Weekly Market Insights 04.17.23

Banks, Earnings, the Fed, and the Dollar

Financial Markets

U.S. equity markets closed an unexciting week with gains. The Dow closed up 1.20%, the S&P 500 gained 0.79%, while the NASDAQ gained 0.29%. Market participants were clearly focused on bank earnings, and, thus far, the takeaway has been so far so good. The focus for banks will go beyond earnings and will extend to deposit composition. We expect to see that there has been some movement in deposits from small to large banks, but nothing dramatic. Of course, as concern over the recent bank failures continues to recede, Fed policy will remain the primary focus. Investors appear to be in a wait and see mood.

The Economy

There are a lot of interesting points to ponder concerning both the domestic and global economies. It is important to note that these economic issues will draw even more attention when election season ramps up. As we wrote a while back, those running for reelection may not be anxious to address these problems. Short term, in this case 12 months, inflation versus recession is the paramount issue. Although they may have started late in the game, the Fed appears to be winning the battle against inflation. As it currently stands, the Fed will continue the fight against inflation even though it is likely to slow the economy. Inflation may well be a nagging problem, but it is likely on the way out.

Fiscal policy will be an important and contentious problem for years to come. The first fiscal policy issue, which we have written about previously, is raising the debt ceiling. Unfortunately, the debt ceiling is a political bargaining chip that will be debated in Congress, but we believe it will ultimately be raised.

In the longer term, the country has some important problems to solve. First and foremost, the growing budget deficit must be addressed. Unlike some, we don’t believe the country is yet in crisis mode, but we are approaching it. How to solve this issue will be difficult and politically divisive, but we believe it is solvable. The dividing line is whether to focus on spending reduction, tax increases, or both. Most economists will argue both should play a role, with the major contribution coming from raising tax rates. That is most likely what will happen, but not without a bitter battle. It will be worth the pain because it will relieve a lot of the tension on the economy, particularly on the dollar.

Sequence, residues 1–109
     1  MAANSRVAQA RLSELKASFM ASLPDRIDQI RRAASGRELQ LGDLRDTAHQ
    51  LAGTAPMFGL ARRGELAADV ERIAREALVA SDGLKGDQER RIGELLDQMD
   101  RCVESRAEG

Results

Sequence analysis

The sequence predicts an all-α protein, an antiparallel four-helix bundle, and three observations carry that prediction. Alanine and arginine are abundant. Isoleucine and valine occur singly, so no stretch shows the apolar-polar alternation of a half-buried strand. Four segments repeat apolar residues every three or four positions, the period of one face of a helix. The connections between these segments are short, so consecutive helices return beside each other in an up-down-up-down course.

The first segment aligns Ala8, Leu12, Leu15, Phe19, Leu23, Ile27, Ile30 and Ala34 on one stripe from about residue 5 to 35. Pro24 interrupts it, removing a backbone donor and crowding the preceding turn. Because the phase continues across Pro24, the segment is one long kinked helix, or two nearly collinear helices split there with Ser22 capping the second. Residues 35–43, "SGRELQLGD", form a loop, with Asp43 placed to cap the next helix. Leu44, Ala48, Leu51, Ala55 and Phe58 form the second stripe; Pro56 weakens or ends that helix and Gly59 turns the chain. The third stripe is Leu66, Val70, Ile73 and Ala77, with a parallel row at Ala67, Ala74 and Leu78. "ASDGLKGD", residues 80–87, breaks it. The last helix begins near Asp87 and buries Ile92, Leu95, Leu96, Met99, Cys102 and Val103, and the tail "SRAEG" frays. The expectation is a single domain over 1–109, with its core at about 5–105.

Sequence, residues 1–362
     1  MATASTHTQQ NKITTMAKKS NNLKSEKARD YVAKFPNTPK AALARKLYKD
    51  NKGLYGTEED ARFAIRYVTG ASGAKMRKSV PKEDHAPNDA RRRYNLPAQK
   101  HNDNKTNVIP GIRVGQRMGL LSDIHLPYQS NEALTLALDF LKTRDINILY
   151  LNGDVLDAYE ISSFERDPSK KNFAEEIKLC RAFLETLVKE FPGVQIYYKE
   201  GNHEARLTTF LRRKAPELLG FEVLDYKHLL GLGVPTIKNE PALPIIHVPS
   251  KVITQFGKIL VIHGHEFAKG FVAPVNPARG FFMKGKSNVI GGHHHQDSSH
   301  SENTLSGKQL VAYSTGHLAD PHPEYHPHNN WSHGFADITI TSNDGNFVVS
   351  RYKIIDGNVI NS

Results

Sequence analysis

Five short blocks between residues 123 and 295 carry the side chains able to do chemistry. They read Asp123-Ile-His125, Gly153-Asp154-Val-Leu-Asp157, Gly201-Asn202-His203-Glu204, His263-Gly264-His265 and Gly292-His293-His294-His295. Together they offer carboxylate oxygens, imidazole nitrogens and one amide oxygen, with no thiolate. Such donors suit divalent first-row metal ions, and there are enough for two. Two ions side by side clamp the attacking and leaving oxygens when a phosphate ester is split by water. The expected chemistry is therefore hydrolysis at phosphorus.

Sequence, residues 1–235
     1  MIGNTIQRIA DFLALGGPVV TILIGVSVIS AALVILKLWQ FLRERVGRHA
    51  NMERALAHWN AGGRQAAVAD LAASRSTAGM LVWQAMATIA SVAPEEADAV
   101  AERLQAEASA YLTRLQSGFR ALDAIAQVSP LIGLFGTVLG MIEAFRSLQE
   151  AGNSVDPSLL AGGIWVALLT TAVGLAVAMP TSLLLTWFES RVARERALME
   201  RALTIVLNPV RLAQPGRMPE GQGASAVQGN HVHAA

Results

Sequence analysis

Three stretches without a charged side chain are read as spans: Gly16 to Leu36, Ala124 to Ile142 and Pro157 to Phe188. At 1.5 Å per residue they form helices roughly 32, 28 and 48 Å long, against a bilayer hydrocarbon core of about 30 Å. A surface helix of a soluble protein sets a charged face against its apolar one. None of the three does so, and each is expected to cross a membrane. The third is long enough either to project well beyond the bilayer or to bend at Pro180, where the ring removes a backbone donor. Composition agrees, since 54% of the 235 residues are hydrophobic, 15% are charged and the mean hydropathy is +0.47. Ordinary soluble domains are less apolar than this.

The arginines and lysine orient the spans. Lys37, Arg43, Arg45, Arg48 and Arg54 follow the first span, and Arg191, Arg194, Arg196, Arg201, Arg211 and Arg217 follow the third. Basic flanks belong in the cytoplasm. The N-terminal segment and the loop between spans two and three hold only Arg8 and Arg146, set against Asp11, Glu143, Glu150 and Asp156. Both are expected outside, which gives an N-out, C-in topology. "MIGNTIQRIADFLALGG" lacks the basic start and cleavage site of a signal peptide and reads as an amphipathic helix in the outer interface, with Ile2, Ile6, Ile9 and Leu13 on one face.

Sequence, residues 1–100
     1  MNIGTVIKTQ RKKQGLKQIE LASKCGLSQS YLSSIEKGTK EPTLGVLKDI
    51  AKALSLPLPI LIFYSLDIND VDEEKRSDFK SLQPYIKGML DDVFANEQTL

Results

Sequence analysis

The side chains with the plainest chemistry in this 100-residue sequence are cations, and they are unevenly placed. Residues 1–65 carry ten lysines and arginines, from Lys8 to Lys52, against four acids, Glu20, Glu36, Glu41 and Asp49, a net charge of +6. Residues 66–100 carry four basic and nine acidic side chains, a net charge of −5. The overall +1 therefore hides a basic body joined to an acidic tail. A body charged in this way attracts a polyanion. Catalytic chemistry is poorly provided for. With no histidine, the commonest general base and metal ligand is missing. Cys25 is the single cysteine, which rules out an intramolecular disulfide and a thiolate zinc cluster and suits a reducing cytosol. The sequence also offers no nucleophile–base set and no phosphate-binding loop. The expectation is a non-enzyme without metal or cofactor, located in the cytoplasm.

The country must reinsert itself as a major player in the global economy. No matter what investors and pundits may think, globalism is not dead in the twenty-first century. As we have written many times, globalism doesn’t die, it just metamorphosizes. Right now, countries are looking at regional trading groups and reviewing supply chains, among other reactions, to both the effects of the pandemic and the aggressive posture of China in the global economy. Our old friends Adam Smith and David Ricardo would be neither surprised nor offended by this. Increasing efficiency is not anti-globalism but part of globalism. That is the purpose of globalism—to force economic efficiency. In fact, that is the redeeming feature of capitalism. It is not supposed to be easy, but, rather, a constant struggle.

We have written in the past that we think there will be an important tradeoff between capital and labor in the not-too-distant future. Like all big changes, it will not come without pain and struggle. We will write about this truly interesting change soon.

Our last point has to do with the International Monetary Fund’s (IMF) global meeting which recently concluded in Washington D.C. The discussions will be well-publicized over the next week or so. In a nutshell, they forecasted slower economic growth and a return to low interest rates over the next decade. As readers digest these reports, they should keep two important facts in mind. First, it is extremely difficult to accurately forecast the next twelve months, much less the next decade. Second, the IMF deals primarily with the low income and underdeveloped countries, and this may very well unduly influence them.


We don’t expect anything particularly dramatic to occur over the next quarter. The banking issues appear to be receding, and inflation, although sticky, seems to be slowing. Both matters need more time to play out.

Read pdf here.